Hemoglobin C crystals: present  Hematozoa: present 
Sum of the following alterations: (anisocytosis ≥1+)+(RBC shapes ≥1+)+(RBC color alteration ≥1+)
White blood cell series
Döhle bodies ≥1+  Toxic granulation ≥2+  Cytoplasmic vacuoles ≥1+ 
Polylobocytes ≥1+  Hyposegmented neutrophils: present  Neutrophil hypo/degranulation: present 
Auer rod: present  Pseudo-Pelger-Huët: present  Dysplastic cells: present 
Platelets
Giant platelets ≥2+  Microplatelets ≥2+  Platelet aggregates: ≥rare/occasional 
Platelet anisocytosis ≥2+  Degranulated platelets: present  Gray platelets: present 
Abnormal cell types
Blasts ≥1%  Promyelocytes ≥1%  Myelocytes ≥1% 
Metamyelocytes ≥3%  Band neutrophils ≥15%  NRBC ≥1/100 leukocytes 
Plasmocytes ≥1%  Prolymphocytes ≥1%  Atypical lymphocytes ≥5% 
Other immature cells ≥1%

NRBC: nucleated red blood cells.

Note: Positive smear findings represent relevant clinical information in addition to that generated by hematology analyzers i.e. a minimum threshold of information, which must be described in complete blood counts as per local consensus indicating the morphological changes and cell percentages relevant for the diagnosis and monitoring of patients.

Table 2.

Sets of screening criteria.

Parameter  Group 1
Narrow limits 
Group 2
Intermediary limits 
Group 3
Wide limits 
Group 4
Adapted ISLH screening criteria16 
Quantitative screening criteria
Hemoglobin  <9.5g/dL or >18.0g/dL  <8.0g/dL or >19.0g/dL  <7.5g/dL or >20.0g/dL  <7.0g/dL or >18.5g/dL 
MCV  <77fL (adults) and <74fL (children aged ≤12 years) or >100fL  <75fL or >105fL  <74fL or >105fL  <75fL or >105fL 
MCHC  <31.5g/dL  <31.0g/dL  <30.0g/dL  <30g/dL 
MCHC  >36.5g/dL  >36.5g/dL  >36.5g/dL  >36.5g/dL 
RDW-CV  >17.0%  >18.0%  >19.0%  >22.0% 
RDW-SD  >60fL  >65fL  >70fL  – 
Reticulocytes  >0.150×106/μL or >2.5%  >0.150×106/μL or >2.5%  >0.150×106/μL or >2.5%  >0.100×106/μL 
WBC  <4.0×103/μL or >12.0×103/μL  <3.5×103/μL or >15.0×103/μL  <3.2×103/μL or >20.0×103/μL  <4.0×103/μL or >30.0×103/μL 
Neutrophils #  <1.8×103/μL or >7.0×103/μL  <1.5×103/μL or >11.0×103/μL  <1.0×103/μL or >15.0×103/μL  <1.0×103/μL or >20.0×103/μL 
Neutrophils %  <38% or >70%  <35% or >80%  <25% or >85%  – 
Lymphocytes #  <0.8×103/μL or >5.0×103/μL (adults) and <0.8×103/μL or >7.0×103/μL (children aged ≤12 years)  <0.8×103/μL or >5.0×103/μL (adults) and <0.8×103/μL or >7.0×103/μL (children aged ≤12 years)  <0.5×103/μL or >5.0×103/μL (adults) and <0.5×103/μL or >7.0×103/μL (children aged ≤12 years)  >5.0×103/μL (adults) and >7.0×103/μL (children aged ≤12 years) 
Lymphocytes %  <20% or >50%  <12% or >60%  <8% or >70%  – 
Monocytes #  <0.1×103/μL or >1.3×103/μL (adults) and <0.1×103/μL or >2.0×103/μL (children aged ≤12 years)  <0.1×103/μL or >1.3×103/μL (adults) and <0.1×103/μL or >2.0×103/μL (children aged ≤12 years)  <0.1×103/μL or >1.5×103/μL (adults) and <0.1×103/μL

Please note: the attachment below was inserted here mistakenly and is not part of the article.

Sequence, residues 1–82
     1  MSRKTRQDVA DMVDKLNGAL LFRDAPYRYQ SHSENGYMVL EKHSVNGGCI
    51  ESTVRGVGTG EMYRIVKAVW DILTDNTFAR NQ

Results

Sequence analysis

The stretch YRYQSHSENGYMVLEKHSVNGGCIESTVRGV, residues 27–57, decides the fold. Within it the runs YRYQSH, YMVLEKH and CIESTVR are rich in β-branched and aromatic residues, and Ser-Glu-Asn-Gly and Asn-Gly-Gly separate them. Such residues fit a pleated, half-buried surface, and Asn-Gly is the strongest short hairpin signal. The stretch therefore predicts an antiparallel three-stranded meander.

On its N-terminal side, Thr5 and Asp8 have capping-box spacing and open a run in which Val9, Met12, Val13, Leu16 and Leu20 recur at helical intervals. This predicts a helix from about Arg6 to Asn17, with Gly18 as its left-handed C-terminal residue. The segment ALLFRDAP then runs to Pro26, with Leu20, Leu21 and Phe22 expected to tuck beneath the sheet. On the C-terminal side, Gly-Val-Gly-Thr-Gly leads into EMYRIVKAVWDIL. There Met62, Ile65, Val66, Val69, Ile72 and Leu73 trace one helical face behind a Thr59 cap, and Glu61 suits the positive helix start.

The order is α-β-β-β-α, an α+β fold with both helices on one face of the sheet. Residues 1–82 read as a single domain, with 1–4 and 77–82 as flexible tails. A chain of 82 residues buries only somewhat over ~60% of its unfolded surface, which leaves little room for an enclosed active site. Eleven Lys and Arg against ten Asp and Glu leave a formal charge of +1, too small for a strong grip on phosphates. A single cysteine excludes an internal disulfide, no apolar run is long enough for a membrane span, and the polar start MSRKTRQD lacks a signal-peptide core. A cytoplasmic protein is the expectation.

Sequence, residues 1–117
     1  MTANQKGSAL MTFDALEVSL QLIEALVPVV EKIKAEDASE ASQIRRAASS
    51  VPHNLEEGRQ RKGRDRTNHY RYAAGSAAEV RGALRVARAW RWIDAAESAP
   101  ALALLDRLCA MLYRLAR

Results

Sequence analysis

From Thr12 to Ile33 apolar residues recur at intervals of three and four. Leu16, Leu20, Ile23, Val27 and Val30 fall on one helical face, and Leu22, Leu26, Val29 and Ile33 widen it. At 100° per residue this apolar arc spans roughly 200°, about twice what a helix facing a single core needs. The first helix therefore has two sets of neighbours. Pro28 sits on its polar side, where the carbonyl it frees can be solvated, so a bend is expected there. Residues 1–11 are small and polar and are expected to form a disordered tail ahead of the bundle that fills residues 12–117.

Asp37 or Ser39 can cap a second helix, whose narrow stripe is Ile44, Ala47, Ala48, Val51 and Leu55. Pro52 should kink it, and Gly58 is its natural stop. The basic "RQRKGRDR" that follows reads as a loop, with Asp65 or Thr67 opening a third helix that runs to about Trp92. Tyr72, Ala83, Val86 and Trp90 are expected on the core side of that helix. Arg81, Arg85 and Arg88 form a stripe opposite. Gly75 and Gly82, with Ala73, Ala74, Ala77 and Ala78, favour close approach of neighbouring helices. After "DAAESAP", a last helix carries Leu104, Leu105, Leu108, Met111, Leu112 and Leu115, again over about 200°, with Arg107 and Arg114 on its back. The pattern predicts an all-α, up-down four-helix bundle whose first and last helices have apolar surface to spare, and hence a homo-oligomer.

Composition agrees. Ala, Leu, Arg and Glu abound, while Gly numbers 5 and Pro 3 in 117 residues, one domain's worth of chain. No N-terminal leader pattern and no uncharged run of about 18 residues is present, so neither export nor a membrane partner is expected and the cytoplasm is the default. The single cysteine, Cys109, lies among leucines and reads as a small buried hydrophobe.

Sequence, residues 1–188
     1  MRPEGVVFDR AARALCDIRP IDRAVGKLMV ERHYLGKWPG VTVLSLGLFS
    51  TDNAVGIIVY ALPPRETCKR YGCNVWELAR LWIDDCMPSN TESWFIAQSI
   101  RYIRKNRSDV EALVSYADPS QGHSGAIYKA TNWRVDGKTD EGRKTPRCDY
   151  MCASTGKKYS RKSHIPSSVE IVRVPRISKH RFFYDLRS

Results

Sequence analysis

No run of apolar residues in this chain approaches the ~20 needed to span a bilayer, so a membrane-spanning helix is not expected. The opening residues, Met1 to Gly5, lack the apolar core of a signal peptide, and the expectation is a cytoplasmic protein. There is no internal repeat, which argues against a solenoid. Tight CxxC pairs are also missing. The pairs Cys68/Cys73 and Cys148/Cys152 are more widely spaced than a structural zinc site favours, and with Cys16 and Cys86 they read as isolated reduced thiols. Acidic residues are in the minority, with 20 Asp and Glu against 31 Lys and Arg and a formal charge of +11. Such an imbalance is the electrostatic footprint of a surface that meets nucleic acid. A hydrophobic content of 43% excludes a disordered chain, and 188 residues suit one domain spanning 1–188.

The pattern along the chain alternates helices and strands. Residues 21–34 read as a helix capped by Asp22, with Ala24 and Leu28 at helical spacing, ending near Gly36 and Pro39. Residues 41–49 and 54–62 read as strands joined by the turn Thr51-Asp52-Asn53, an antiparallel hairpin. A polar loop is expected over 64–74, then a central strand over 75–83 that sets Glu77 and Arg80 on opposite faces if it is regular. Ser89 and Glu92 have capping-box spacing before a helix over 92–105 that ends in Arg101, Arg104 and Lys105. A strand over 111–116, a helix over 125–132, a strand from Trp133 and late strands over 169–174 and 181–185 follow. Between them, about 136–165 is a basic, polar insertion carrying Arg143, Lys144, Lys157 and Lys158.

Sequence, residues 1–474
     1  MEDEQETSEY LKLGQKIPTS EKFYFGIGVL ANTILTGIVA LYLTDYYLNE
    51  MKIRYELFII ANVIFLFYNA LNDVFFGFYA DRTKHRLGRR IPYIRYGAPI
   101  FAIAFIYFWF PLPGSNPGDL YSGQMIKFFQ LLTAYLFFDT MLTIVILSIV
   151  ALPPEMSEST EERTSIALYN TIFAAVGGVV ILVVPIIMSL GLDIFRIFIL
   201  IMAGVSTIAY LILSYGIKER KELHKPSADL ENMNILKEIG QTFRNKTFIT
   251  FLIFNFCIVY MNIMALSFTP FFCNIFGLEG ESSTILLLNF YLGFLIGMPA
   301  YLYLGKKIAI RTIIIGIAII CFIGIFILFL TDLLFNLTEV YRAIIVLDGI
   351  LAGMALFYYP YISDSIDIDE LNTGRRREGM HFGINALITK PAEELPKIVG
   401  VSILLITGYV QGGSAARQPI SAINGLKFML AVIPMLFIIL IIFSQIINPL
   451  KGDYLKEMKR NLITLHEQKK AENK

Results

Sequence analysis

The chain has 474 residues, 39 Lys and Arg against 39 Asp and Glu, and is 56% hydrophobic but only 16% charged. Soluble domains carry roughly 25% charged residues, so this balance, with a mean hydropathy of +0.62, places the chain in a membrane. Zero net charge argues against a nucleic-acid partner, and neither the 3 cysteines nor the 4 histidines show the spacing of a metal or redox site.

>2.0×103/μL (children aged ≤12 years) 
>1.5×103/μL (adults) and >3.0×103/μL (children aged ≤12 years) 
Monocytes %  <1% or >12%  <1% or >16%  <1% or >20%  – 
Eosinophils #  >2.0×103/μL  >2.5×103/μL  >2.5×103/μL  >2.0×103/μL 
Eosinophils %  >20%  >25%  >30%  – 
Basophils #  >0.3×103/μL  >0.3×103/μL  >0.5×103/μL  >0.5×103/μL 
Basophils %  >2%  >2%  ≥3%  – 
Platelets  <100×103/μL or >600×103/μL  <100×103/μL or >800×103/μL  <90×103/μL or >1000×103/μL  <100×103/μL or >1000×103/μL 
MPV  >12.0fL  >12.5fL  ≥13.0fL  ≥12.5fL 
Qualitative screening criteria
Suspect flagsImmature granulocytes?
Left shift?
Atypical lymphocytes?
Abnormal lymphocytes/blasts?
Blasts?
Nucleated red blood cells?
Fragments? (schistocytes)
Dimorphic RBC population (erythrocyte population heterogeneous in size)
Lyse resistant RBC
Platelet clumps? (generated by scatter gram)
Platelet clumps (S)? (generated by the impedance channel)
Turbidity/hemoglobin interference? Hemoglobin defect? Spurious hemoglobin measurement
ALL  MBSR if newborn
(*) and (----)  These symbols beside the counts on the readout indicate that automated counts are not reliable or not available for the sample in question, respectively

ISLH: International Society for Laboratory Hematology; MCV: mean corpuscular volume; MCHC: mean corpuscular hemoglobin concentration; RDW-CV: red blood cell distribution width coefficient of variation; RDW-SD: red blood cell distribution width standard deviation; RBC: red blood cells; WBC: white blood cells; MPV: mean platelet volume; MBSR: manual blood smear review.

Note: The terms narrow, intermediary and wide limits refer to their relative and absolute overall amplitudes in relation to the lower and upper limits of the complete blood count reference values.

Sample classification

The samples were classified by applying the rules of each set of SC and comparing them with the findings of the peripheral blood smear review. A sample was classified as true positive (TP) if it was selected to review by certain SC (Table 2) and the microscopic analysis produced some PSF (Table 1). A sample was classified as false positive (FP) if it was selected to review by SC with no PSF in microscopy. A sample was classified as false negative (FN) if it was not selected to review by any SC and contained some PSF by microscopic analysis. Finally, a sample was classified as true negative (TN) if it was not selected to review by any SC and the MBSR did not show any PSF.9,16

Measures of diagnostic accuracy and agreement